Martin Short on His New Memoir, and How He Turned Tragedy Into ComedyEXPAND
Photo by Sam Jones

On the flip side, Short is more conflicted about his stint on Saturday Night Live from 1984-85, a volatile time when Dick Ebersol took over Lorne Michaels as  executive producer. Though the series made him a “bona fide TV star,” Short recalls wanting to quit after only a few episodes. (Billy Crystal, Harry Shearer and Christopher Guest all lasted a year.) He also recounts the day then-writer Larry David famously quit the show on a Friday and returned on a Monday as if nothing happened.

“The first show was so successful for me, I just thought the pressure of me topping myself was intense and intensified because I had a one year contract,” says Short. “My analogy was kind of that I had final exams every week.”

The actor is candid about his less-than-stellar movies. Most achieved only moderate box office success, including Father of the Bride, Mars Attacks!, Clifford and Three Amigos! That latter, a comedy Western, was Short’s first film (Dan Aykroyd, Bill Murray, Robin Williams, John Candy and John Belushi were in consideration for the roles) and it’s gone on to become a cult classic thanks to home video and DVD.

“It appeals to a wide age range,” Short says. “I’ve had so many people talk to me about what that film meant to them like Justin Timberlake or a guy I’ll meet at an airport. It was a little ahead of itself. I remember when we were promoting it on the Today Show and Bryant Gumbel, who I don’t think particularly liked the film, asked Steve [Martin] if he thought it was a silly movie. Yeah it’s a little silly. There’s a singing bush in it. But you know, not everything can be Annie Hall nor should everything be Annie Hall. I think that the reason why that film has stayed connected to so many people for so many years is that it deserves to.”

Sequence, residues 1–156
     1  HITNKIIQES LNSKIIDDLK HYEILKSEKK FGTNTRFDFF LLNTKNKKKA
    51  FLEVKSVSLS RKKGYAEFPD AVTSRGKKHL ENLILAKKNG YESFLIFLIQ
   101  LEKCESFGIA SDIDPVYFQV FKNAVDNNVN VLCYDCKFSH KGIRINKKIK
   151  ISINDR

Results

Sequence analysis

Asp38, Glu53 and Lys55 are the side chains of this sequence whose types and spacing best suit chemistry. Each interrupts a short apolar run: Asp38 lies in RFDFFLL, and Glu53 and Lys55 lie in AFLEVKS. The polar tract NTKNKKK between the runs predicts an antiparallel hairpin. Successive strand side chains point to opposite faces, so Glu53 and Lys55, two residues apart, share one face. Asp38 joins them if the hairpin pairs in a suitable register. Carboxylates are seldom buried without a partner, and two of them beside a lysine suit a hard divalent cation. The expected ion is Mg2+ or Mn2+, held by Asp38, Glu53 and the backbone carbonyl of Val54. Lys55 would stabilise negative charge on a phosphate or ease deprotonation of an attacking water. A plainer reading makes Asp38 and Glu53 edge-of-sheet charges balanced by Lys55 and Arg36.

Back on TV, Short would create another memorable character. From 2001-03, he wore a fat suit on Primetime Glick to play Glick, the vapid entertainment lawyer who loved to insult celebs. (“What’s your beef with the Nazis?” he once asked Mel Brooks). Glick, too, was modeled after various influences, including his Dad, Merv Griffin and Swifty Lazar.

“He’s a moron in a position of power,” says Short. “Jiminy could’ve been anybody. If I were to do another Jiminy, I would have made him elected to the House of Representatives and would now be in Congress. If you look at morons with power, what better analogy than to look at Washington and people who are railing against science and are convinced that evolution is a questionable act? That’s the sensibility that makes me laugh about Jiminy.”

Thirty-five years after appearing in his first American sitcom, the short-lived James L. Brooks-produced The Associates, Short’s TV career has come full circle. Now, he’s starring as a game show host on Mulaney with hipster darling and the SNL writer behind the Stefon character, John Mulaney.

“He’s fantastic,” Short says of his co-star. “In general I like to work in a great atmosphere. You can never control the outcome. You can never control whether people will like it. Maybe they’ll like it five years from now. The only thing that you can control is if it’s a fun, creative environment to work in, and that show is.”

Martin Short discusses his book with Steve Martin at The Alex Theater on Nov. 9.